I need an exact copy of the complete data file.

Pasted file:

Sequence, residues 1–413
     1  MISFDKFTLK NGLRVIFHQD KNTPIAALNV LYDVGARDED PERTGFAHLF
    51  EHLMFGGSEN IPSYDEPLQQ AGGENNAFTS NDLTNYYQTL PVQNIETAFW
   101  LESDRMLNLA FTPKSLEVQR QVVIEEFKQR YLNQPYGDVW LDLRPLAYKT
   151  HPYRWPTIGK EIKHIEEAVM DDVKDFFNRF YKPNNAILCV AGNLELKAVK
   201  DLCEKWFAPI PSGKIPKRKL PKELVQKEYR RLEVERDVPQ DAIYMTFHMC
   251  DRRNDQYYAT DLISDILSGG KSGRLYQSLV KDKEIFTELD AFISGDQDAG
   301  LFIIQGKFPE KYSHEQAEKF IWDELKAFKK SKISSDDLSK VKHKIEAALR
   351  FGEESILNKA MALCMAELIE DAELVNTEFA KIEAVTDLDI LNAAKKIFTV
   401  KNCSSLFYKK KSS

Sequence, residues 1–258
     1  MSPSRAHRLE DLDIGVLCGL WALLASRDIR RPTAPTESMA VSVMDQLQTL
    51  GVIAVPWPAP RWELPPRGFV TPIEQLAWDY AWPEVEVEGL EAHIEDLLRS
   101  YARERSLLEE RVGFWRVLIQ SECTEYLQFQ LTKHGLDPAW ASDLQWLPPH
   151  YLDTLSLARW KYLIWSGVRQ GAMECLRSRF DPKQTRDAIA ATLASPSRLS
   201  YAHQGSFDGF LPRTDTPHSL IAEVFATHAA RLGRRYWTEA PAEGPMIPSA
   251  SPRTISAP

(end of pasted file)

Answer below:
Sequence, residues 1–413
     1  MISFDKFTLK NGLRVIFHQD KNTPIAALNV LYDVGARDED PERTGFAHLF
    51  EHLMFGGSEN IPSYDEPLQQ AGGENNAFTS NDLTNYYQTL PVQNIETAFW
   101  LESDRMLNLA FTPKSLEVQR QVVIEEFKQR YLNQPYGDVW LDLRPLAYKT
   151  HPYRWPTIGK EIKHIEEAVM DDVKDFFNRF YKPNNAILCV AGNLELKAVK
   201  DLCEKWFAPI PSGKIPKRKL PKELVQKEYR RLEVERDVPQ DAIYMTFHMC
   251  DRRNDQYYAT DLISDILSGG KSGRLYQSLV KDKEIFTELD AFISGDQDAG
   301  LFIIQGKFPE KYSHEQAEKF IWDELKAFKK SKISSDDLSK VKHKIEAALR
   351  FGEESILNKA MALCMAELIE DAELVNTEFA KIEAVTDLDI LNAAKKIFTV
   401  KNCSSLFYKK KSS

Sequence, residues 1–258
     1  MSPSRAHRLE DLDIGVLCGL WALLASRDIR RPTAPTESMA VSVMDQLQTL
    51  GVIAVPWPAP RWELPPRGFV TPIEQLAWDY AWPEVEVEGL EAHIEDLLRS
   101  YARERSLLEE RVGFWRVLIQ SECTEYLQFQ LTKHGLDPAW ASDLQWLPPH
   151  YLDTLSLARW KYLIWSGVRQ GAMECLRSRF DPKQTRDAIA ATLASPSRLS
   201  YAHQGSFDGF LPRTDTPHSL IAEVFATHAA RLGRRYWTEA PAEGPMIPSA
   251  SPRTISAP